Back in the halcyon days of the late 90s, Hans im Glück was the go-to brand for meatier games: Euphrat & Tigris, Samurai, El Grande, Aladdin’s Dragons, and Die Macher were just a few of the classic games published under their label. alea stole their thunder for a while; but the 00s have seen a bit of down-market pressure, with alea losing some of their early magic, and with Hans im Glück moving more in the direction of Carcassonne than the next El Grande. Still, with alea having limited output and no longer doing much in the way of big-box stuff, Hans im Glück is still one of the more reliable names in gaming for the serious gamer; you just might need to apply a little more discretion than you used to.
So, what have they got for us this time?
Hacienda is a new game from Wolfgang Kramer, this time without a design partner. The theme is of farming and cattle-herding in Argentina. At least, I think it’s supposed to be in Argentina. Anyway, players play cards to build farms (which are a strong source of VPs and a modest source of income) and build up cattle herds to try to connect to markets (which are a strong source of income but a weaker source of VPs). Money is required to buy more land and animal cards, as well as to install Haciendas and irrigation, both of which significantly improve VPs. All the cards are acquired Alan R. Moon-style, drafted from 4 face-up cards or drawn blind from a deck.
Hacienda was a modest surprise for me. For a big-box game from a top designer and a strong label, I expected good things, but this was moderated somewhat by recent weaker games from Hans im Glück, like Attika or a lot of the recent Carcassonne milking, combined with the fact that Wolfgang Kramer, even though he is undeniably one of the three giants that dominate modern eurogame design (with Teuber and Knizia), often does stuff that isn’t exactly to my taste (like Expedition). But Hacienda exceeded these expectations, and I like it a lot. It’s odd in that it feels vaguely reminiscent of a few games (Reibach definitely for the drafting, Through the Desert maybe for the herds trying to reach markets/oasis before being cut off) without actually feeling derivative. This is probably because it adds the whole cash management element; you need to balance the need to acquire actual VPs with earning enough money to fund future purchases of cards. This sounds similar to the idea in Saint Petersburg, a game which had some problems for me; but the trade-offs in Hacienda are much more subtle. Each play has certain income and VP consequences, you have many choices and very few constraints, and Hacienda lacks Saint Petersburg’s multiplicative effects. Additionally, Hacienda has a very sensible playing time (an hour-ish), and is very easy to explain. I also like this new trend towards double-sided boards; Hacienda includes two very different setups on the two sides of the board. The sheet of variants is a nice touch too, as the game is clearly highly suited for them.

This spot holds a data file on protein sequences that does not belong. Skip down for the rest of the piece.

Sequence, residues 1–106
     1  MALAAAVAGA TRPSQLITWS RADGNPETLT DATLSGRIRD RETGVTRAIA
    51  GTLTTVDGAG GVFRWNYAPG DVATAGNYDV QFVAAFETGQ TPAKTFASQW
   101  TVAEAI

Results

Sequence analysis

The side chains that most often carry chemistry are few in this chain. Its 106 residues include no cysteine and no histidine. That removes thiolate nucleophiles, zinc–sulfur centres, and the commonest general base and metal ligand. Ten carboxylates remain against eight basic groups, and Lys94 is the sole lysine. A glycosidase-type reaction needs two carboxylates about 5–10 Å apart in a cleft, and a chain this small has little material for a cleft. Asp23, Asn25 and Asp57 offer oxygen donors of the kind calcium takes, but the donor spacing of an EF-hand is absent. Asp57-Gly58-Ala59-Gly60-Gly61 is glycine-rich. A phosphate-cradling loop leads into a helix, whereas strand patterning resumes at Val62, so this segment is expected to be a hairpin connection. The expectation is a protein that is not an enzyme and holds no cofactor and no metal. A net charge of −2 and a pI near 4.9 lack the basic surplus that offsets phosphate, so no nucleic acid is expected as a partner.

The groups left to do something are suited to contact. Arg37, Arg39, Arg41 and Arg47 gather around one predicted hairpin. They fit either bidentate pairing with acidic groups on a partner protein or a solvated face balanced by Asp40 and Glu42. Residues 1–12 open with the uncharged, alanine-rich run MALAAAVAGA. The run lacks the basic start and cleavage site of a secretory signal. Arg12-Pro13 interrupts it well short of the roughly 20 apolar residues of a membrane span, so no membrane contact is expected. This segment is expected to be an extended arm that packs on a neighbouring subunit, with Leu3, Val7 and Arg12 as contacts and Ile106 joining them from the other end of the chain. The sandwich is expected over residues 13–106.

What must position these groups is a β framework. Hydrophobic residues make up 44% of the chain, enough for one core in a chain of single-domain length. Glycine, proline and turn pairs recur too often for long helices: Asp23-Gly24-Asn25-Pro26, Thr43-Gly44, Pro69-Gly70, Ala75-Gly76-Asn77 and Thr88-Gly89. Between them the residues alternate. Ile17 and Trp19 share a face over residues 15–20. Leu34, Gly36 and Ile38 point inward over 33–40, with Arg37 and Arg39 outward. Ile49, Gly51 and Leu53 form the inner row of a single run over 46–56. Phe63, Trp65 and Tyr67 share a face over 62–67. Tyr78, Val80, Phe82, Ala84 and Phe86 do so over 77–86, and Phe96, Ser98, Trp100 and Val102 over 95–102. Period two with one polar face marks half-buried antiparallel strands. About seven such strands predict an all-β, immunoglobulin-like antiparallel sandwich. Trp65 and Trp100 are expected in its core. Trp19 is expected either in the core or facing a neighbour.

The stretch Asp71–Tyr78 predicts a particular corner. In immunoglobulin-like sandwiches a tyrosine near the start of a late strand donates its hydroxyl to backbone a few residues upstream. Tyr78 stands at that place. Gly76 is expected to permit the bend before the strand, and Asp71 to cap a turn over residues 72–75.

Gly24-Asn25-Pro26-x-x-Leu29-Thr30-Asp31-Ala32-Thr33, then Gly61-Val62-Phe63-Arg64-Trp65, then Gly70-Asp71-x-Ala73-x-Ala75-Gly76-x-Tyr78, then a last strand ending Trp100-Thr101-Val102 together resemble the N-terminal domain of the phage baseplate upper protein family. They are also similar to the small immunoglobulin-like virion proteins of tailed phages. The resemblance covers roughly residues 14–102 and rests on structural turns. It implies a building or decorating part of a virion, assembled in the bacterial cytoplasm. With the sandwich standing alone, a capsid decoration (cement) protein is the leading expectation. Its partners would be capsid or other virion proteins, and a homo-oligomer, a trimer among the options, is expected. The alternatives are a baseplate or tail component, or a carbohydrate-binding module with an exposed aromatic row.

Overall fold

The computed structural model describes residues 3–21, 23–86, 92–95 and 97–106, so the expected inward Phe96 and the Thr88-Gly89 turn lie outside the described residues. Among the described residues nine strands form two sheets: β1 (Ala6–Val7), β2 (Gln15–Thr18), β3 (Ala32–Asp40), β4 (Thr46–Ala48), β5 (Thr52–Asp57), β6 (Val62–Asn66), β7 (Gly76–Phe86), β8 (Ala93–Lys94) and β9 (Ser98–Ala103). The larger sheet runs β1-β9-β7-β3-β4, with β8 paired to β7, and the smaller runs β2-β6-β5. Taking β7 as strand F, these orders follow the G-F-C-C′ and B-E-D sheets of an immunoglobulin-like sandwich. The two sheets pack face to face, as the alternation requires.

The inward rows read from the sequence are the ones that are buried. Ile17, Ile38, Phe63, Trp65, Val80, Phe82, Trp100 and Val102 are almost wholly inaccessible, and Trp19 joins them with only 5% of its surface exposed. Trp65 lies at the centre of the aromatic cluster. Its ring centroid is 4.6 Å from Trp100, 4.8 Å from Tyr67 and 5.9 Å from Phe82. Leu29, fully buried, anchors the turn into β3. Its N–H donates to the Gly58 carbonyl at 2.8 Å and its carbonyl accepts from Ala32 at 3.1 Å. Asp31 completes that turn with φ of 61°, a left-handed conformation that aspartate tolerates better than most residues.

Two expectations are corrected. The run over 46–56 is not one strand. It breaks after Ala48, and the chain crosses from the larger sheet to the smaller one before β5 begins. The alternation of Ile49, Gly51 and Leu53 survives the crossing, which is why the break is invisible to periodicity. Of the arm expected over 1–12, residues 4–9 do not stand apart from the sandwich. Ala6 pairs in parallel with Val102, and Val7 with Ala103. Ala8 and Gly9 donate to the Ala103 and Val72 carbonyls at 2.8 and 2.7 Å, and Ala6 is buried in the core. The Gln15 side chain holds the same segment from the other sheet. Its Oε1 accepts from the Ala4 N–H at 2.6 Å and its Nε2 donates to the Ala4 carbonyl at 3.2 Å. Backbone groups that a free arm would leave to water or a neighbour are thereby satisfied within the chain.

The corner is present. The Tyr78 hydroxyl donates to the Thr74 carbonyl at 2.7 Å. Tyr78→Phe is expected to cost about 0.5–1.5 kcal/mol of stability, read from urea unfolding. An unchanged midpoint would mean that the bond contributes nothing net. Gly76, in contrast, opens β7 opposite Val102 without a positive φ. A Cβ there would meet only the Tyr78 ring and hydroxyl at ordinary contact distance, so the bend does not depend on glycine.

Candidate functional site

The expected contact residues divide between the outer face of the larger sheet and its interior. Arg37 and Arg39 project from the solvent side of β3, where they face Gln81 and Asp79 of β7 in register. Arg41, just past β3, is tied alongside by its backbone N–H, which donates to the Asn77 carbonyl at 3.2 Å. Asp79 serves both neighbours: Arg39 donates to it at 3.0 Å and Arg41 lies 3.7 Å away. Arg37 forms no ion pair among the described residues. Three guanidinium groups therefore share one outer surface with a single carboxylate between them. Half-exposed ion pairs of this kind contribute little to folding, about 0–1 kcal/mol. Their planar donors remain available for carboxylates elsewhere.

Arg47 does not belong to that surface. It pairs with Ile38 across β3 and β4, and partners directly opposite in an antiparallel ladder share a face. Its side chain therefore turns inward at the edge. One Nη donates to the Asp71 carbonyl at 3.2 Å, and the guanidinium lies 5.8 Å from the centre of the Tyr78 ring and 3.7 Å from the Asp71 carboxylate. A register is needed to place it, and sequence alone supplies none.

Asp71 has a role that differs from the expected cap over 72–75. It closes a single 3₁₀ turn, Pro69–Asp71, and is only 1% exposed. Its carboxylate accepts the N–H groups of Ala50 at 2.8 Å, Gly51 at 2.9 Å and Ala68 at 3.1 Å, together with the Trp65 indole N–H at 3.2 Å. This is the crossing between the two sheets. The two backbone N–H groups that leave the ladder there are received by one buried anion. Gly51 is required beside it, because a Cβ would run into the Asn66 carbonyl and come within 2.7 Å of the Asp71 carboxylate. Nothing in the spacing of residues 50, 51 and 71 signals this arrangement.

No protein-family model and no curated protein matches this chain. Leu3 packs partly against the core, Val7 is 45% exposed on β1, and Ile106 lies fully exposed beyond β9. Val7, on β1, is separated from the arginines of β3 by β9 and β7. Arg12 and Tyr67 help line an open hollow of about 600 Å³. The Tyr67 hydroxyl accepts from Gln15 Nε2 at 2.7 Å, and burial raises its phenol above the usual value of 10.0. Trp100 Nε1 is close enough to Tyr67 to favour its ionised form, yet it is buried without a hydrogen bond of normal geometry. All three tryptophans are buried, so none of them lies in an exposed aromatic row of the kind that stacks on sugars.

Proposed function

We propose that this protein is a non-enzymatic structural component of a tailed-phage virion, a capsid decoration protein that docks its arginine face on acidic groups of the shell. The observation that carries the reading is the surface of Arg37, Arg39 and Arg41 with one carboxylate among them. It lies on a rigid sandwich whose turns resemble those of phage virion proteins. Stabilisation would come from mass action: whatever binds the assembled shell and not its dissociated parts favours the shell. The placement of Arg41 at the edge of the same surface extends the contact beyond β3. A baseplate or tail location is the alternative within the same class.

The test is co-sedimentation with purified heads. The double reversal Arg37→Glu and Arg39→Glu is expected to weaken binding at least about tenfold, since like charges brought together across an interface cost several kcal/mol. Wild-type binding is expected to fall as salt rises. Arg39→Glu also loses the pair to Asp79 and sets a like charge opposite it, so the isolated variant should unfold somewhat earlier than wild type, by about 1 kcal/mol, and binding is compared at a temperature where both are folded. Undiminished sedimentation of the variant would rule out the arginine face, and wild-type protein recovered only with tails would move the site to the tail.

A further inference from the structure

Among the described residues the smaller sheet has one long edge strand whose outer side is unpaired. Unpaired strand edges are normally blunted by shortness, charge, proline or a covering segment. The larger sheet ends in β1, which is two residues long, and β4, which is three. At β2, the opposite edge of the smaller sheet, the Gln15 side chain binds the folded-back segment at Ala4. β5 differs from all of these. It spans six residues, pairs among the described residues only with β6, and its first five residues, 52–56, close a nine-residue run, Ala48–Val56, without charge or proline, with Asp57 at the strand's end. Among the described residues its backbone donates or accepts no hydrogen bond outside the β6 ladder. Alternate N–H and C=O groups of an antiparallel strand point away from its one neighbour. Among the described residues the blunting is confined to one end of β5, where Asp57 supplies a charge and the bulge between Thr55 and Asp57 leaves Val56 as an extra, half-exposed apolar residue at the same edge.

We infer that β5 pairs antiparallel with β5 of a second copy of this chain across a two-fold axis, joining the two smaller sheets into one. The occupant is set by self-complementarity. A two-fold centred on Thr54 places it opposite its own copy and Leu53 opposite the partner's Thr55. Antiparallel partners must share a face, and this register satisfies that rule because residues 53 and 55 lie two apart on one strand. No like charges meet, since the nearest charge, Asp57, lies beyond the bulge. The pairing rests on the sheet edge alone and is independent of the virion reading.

Hacienda was not quite my top pick for Essen, but it was a very entertaining game that left me thinking about alternate approaches, and after a couple plays I am enthused.
The Euphrat & Tigris Kartenspiel is interesting in that it is a more or less direct port of the boardgame. Most “card game” versions of popular boardgames (Settlers/Starfarers card games, San Juan, El Cabellero, King of the Elves) have changed significantly to adapt to the new format. Not E&T. Almost everything you know about the boardgame applies here: leaders, conflicts, kingdoms, treasures, monuments. The only fundamental change is that now we have an abstract, 1.5-dimensional board instead of the classic grid. The kingdoms line up in 9 consecutive “stacks”, and can be joined by placing a card between them. That, and the fact that scores are secret … even your own. So you need to remember what you’ve got.
I liked the E&T cardgame, although it didn’t have a huge “wow” factor. It’s short and very easy to teach to anyone who’s familiar with E&T, so it was good for about 5 rapid plays. That’s pretty good. But each time I played, I couldn’t help feeling a nagging suspicion that something was out of whack. I can’t quite identify what it is, and that bugs me further. But something feels vaguely off with the rhythm of the game, or maybe the density of the playing field. Part of it may be that the cardgame is so similar to the boardgame that I have phantom pains for the tactical tile-laying game that is missing.
Regardless of these ephemeral doubts, though, I did enjoy the game and I do still think it’s good, especially given the lower price, low complexity, and short playing time. I consider it $15 well-spent. But if you already own Tigris and Euphrates and are a major fan, this version doesn’t bring a lot new to the table. On the other hand, if you find you would like something shorter, check it out; it does manage to capture a chunk of the good stuff in a smaller package.